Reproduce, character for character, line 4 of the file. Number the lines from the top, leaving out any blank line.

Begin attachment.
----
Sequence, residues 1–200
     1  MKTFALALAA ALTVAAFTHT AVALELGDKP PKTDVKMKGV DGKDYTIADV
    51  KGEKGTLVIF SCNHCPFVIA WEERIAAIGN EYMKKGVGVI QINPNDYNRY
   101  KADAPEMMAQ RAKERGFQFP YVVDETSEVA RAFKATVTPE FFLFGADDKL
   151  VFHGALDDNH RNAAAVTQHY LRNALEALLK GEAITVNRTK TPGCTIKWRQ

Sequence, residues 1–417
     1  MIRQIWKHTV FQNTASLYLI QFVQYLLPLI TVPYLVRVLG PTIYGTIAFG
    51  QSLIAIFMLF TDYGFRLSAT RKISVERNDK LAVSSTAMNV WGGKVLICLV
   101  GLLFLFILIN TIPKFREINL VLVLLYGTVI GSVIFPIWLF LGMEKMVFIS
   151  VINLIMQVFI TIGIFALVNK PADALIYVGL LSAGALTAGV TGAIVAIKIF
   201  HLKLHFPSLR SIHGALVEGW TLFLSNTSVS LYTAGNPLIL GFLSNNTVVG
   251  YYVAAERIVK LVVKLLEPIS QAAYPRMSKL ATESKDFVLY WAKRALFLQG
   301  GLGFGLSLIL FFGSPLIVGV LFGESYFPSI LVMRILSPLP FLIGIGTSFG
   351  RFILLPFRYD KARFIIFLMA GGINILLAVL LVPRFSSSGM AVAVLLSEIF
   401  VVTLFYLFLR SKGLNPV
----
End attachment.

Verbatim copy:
   101  KADAPEMMAQ RAKERGFQFP YVVDETSEVA RAFKATVTPE FFLFGADDKL